The Great War – Research Notes (16) The Art Of War

When war broke out in August 1914, no one on either side of the conflict believed that it would rage on for over four bloody, devastating years. Many in fact, welcomed the war, believing it to be an opportunity for adventure —glorious and brief. The famous declaration that the whole thing would be finished ‘before the leaves fell from the trees’ or at the latest ‘by Christmas’ contributed to the romantic notion of going off to war. These fantasies were soon shattered by the gruesome reality of modern warfare.

The responses to the war evolved as time passed; from initial enthusiasm, nationalistic fervor and patriotism to shock, horror, anguish and remorse. These various and sometimes contradictory emotions are reflected in the art of the time. Photography and film news reels brought the carnage to life, so that even those at home got a taste of the true nature of war. Many artists and writers saw the war from the front lines and composed poetry, authored literature and created works of visual art reflective of those dreadful experiences. The following are samples of some of the works of art produced during and following The Great War:

I.  At the outset, many believed that the war would bring an end to the old social and political systems and usher in a new order of equality and progress. This optimism can be seen in the following lithograph from a collection called, Mystical Images of War. The artist, Natalia Goncharova, a Russian living in Paris at the outbreak of war, depicts the angelic host watching over the soldiers as they march away.

The Christian Host ~ Natalia Goncharova, 1914

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II.  Paul Nash is one of my favorite artists and he’s been featured here previously. The painting Ypres Salient At Night heads my poem: Tales Of War. Despite the optimistic title, Paul Nash’s painting depicts a scarred landscape with shell-holes, mounds of earth, and leafless trees –the resulting devastation of World War One.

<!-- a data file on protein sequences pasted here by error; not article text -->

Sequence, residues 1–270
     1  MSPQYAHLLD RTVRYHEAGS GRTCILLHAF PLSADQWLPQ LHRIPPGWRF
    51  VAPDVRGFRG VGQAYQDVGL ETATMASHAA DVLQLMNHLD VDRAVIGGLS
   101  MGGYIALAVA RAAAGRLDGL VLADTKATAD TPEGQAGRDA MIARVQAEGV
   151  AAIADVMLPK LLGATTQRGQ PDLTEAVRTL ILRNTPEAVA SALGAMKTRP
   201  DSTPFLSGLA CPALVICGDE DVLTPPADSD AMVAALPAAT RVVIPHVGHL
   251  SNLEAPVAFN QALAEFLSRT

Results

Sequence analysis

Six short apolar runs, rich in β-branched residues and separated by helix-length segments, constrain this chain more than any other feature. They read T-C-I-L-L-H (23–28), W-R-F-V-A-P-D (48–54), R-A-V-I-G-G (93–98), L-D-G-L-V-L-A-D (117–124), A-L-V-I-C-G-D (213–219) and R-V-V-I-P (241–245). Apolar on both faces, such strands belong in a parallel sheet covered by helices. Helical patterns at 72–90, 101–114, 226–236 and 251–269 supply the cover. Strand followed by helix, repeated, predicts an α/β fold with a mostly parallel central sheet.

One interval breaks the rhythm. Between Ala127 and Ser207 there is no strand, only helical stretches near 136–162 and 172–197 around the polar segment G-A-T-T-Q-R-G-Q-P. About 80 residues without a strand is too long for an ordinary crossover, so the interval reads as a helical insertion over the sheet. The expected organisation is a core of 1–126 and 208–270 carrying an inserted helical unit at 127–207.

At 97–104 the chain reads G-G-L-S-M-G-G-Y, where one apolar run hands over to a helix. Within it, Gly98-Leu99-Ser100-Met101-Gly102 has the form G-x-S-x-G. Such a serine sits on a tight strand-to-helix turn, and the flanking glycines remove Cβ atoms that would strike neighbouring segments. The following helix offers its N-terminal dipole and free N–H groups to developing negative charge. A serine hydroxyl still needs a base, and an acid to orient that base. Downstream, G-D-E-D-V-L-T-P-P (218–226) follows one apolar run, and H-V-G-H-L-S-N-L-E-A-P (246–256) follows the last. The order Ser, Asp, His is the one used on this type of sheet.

We Are Making a New World ~ Paul Nash; 1918

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III.  Kathe Kollwitz used her art to portray the grief of loss from war. The following two pieces show the heartbreaking agony and hardship experienced by those left behind.

Killed In Action (Gefallen) ~ Kathe Kollwitz, 1920

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Mothers in different stages of life, held together by one common bond: the need to protect their children.

Mothers (Mütter) ~ Kathe Kollwitz, 1919

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IV.  Christopher Richard Wynn Nevinson revisits the desolation of No Man’s Land with insect-like planes buzzing overhead in That Cursed Wood, a title taken from a line in Siegfried Sassoon’s poem, At Carnoy: “Tomorrow we must go / To take some cursed wood… Oh world God made!”

That Cursed Wood ~ Christopher Richard Wynn Nevinson, 1917

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V.  I’ve featured Otto Dix twice before in my Great War posts. Shock Troops Advance Under Gas was the image for a post on chemical weapons and I used The Wounded Man to head my post about the disfiguring injuries to soldiers. You can click on the links to view those pieces. Otto Dix served for four years as a machine gun operator in the German army on the front lines in Belgium and France. He was grievously injured and suffered terrible nightmares about his experience. After the Armistice, during the height of these nightmares, he produced a series of drawings and etchings called The War (Der Krieg). Here is one more from that collection. In sharp contrast to the nationalist propaganda featuring war heroes like Baron Manfred von Richthofen (The Red Baron), Lens Being Bombed shows the terror and desperation of the citizens of the town in Northern France as they run for their lives.